Did you know that 71% of people want the opportunity to work outside of their home country during their careers?

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2. Gain More International Expertise without Going International—Yet

One of the best ways to get your company ready for going global is to bring the global into the heart of your company. How is that possible? For starters, begin with hiring people with international experience.

People who have already worked around the world or across borders can share their experience with your current workforce, put on presentations, and include special pointers and tips you might not otherwise know. You can start hiring people by saying “international experience desired” to ensure you are working with candidates that know what it’s like to speak other languages, adapt to new communities, eat new foods, etc.

Before you go through with new hires, be sure to ask those that already work for you if they fit the bill. You might be surprised that some of your workforce has already worked abroad; even more shocking, you may discover some of them are immigrants without accents. They could represent a major asset that oftentimes goes largely ignored.

3. Encourage Your Workforce to Gain International Experience

If possible, send your current workforce to foreign countries on assignments so they can learn first-hand from employees, partners, and customers. If you already have an office in another country, take turns rotating those working out of the office so they will be groomed to manage a newer office you have planned in the future.

You can also invest in international mobility expertise via an immigration attorney to help in your facilitation of sending employees around the world. Even short trips of just 2–4 weeks can be enough to embed someone in a totally different culture and open their eyes up to the world around them.

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4. Be Willing to Change Your Organizational Design

Although you may not want to rock the boat, in this case, it can be worth it to mix things up so more people are getting international experience. Consider placing key hires in offices outside of your country so that they are trained in the art of international business before you truly go global. Create more roles that are global in scope, so more opportunities are available for those at your company. This restructuring is also a great precursor to the restructuring you are going to have to do when you do go global.

By doing this, you will be showing your employees you are ready to do what it takes to go global and provide them with the best possible experience. They will appreciate your effort and more and more people will request international assignments as they become available.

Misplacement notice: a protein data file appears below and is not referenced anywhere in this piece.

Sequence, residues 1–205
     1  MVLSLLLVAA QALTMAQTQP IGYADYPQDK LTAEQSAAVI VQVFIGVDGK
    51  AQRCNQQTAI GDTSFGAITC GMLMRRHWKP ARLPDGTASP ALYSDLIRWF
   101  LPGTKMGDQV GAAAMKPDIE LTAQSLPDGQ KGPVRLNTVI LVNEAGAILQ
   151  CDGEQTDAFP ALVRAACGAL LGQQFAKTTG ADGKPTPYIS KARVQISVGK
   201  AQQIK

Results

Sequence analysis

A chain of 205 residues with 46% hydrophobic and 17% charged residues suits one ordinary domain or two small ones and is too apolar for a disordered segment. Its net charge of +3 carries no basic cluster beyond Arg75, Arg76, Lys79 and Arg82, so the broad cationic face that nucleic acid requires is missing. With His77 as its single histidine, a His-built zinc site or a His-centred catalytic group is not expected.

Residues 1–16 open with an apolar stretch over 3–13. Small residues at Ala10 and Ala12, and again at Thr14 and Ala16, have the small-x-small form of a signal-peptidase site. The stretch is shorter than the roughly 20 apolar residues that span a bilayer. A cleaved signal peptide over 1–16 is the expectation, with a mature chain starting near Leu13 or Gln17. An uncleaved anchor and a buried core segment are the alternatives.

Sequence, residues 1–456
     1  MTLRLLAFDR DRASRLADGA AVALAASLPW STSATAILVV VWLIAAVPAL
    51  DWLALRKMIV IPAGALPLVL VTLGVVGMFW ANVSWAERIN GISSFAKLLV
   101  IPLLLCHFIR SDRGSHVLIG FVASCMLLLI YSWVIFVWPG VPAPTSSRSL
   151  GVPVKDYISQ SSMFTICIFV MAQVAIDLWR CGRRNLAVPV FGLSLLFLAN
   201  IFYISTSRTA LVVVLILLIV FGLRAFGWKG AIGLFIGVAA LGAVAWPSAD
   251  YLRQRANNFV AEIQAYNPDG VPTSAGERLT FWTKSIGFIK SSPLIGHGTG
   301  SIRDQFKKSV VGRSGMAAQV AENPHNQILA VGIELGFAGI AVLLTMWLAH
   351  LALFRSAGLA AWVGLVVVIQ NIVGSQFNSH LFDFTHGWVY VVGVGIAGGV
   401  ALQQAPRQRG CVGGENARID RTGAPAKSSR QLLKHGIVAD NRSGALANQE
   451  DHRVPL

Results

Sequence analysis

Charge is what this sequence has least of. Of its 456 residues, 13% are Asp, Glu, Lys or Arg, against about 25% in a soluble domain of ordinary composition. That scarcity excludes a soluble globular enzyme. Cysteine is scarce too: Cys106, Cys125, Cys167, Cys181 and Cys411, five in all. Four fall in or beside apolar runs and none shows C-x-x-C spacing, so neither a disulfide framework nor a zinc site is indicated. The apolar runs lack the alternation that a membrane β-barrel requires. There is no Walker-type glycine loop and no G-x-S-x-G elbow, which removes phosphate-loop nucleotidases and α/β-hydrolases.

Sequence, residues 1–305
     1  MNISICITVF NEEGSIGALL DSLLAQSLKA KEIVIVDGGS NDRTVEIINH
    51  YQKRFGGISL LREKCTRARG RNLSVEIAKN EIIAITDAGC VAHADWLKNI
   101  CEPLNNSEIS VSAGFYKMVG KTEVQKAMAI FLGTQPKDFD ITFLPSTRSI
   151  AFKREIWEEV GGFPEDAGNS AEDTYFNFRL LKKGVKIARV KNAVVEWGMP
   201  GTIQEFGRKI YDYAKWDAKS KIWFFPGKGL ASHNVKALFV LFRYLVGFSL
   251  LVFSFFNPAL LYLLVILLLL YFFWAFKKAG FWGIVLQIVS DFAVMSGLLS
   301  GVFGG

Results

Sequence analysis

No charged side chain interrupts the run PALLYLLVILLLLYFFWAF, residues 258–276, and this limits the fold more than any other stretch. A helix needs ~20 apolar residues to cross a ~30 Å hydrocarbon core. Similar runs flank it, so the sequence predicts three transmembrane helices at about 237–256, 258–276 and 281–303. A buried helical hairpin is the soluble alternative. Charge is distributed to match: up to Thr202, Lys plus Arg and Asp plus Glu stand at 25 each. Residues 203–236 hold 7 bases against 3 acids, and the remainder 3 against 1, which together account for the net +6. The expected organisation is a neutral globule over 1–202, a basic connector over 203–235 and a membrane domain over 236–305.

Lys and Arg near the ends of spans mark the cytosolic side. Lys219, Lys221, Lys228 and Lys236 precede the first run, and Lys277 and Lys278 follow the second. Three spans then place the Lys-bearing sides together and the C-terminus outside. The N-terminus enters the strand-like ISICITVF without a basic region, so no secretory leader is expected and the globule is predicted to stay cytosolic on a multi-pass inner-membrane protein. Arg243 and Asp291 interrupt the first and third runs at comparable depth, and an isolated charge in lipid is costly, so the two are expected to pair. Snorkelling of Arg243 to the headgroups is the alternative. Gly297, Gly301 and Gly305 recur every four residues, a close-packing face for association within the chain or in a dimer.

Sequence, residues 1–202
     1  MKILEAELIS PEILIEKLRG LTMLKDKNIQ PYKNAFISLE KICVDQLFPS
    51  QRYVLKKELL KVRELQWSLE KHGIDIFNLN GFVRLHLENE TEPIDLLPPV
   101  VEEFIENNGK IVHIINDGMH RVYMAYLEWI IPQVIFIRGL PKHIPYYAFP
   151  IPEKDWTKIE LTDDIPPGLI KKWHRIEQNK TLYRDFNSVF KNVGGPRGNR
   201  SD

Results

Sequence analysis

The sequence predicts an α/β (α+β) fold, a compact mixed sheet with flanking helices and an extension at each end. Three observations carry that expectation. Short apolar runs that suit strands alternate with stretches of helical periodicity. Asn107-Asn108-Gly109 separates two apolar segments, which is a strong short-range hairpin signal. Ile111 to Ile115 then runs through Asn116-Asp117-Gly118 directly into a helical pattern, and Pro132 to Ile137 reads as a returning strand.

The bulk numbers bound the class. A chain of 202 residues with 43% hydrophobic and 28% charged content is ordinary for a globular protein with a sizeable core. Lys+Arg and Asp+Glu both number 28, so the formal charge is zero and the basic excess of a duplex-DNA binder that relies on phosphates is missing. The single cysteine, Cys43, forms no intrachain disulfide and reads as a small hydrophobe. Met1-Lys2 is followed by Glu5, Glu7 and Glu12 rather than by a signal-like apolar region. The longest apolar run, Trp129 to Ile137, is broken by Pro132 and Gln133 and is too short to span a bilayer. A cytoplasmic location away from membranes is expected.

Lastly, don’t be afraid to say goodbye to software and programs that were designed with a domestic scope in mind. To make your employees happy and expansion-ready, be sure to take the time to let them know you are onboarding new software and will be providing them with in-depth training so they are not rushed or overwhelmed.

Show them that you want to invest in their global success by warning them far in advance about any software overhauls.

What Does Your Company Stand for?

If we were to walk around your company office place today and ask your employees to describe what your company stands for in three words, would they be able to answer us? Have you taken the time to go over company culture with employees, communicating to them what you believe in and what you hope to solve in the world with your product or service?

Taking the time to get everyone up-to-speed on your brand and united around your values can be integral to them remaining happy and content working for you abroad. It’s much easier to rally behind a common cause than it is to simply wake up in the morning and collect a paycheck.

One example of a company that understands this is HubSpot, the digital marketing management platform. They created a local version of their “Culture Code,” which clearly articulates their guiding principles for the business. They also created a Buddy Program, called Tomodachi (friend in Japanese), which matches hundreds of buddies up every month for an informal chat with someone in another office. The employee feedback has been so positive that they are considering bi-weekly buddy chat meet ups.

Mindset Over Matter

With all these cultural shifts and commitments in your company, your employees should be feeling confident and prepared for a global expansion. Human capital is the most important capital at your disposal, which is why supporting positive mindsets is something you absolutely want to concern yourself with in the face of global expansion.

In the second half of this e-book, we’re going to look at global expansion roadmap points, risk mitigation tools, what to consider when foraying into a new market, and lastly, a global expansion checklist that will help you tie together all the loose ends before you make the big decision.

Let’s get started!

Risk Mitigations When Going Global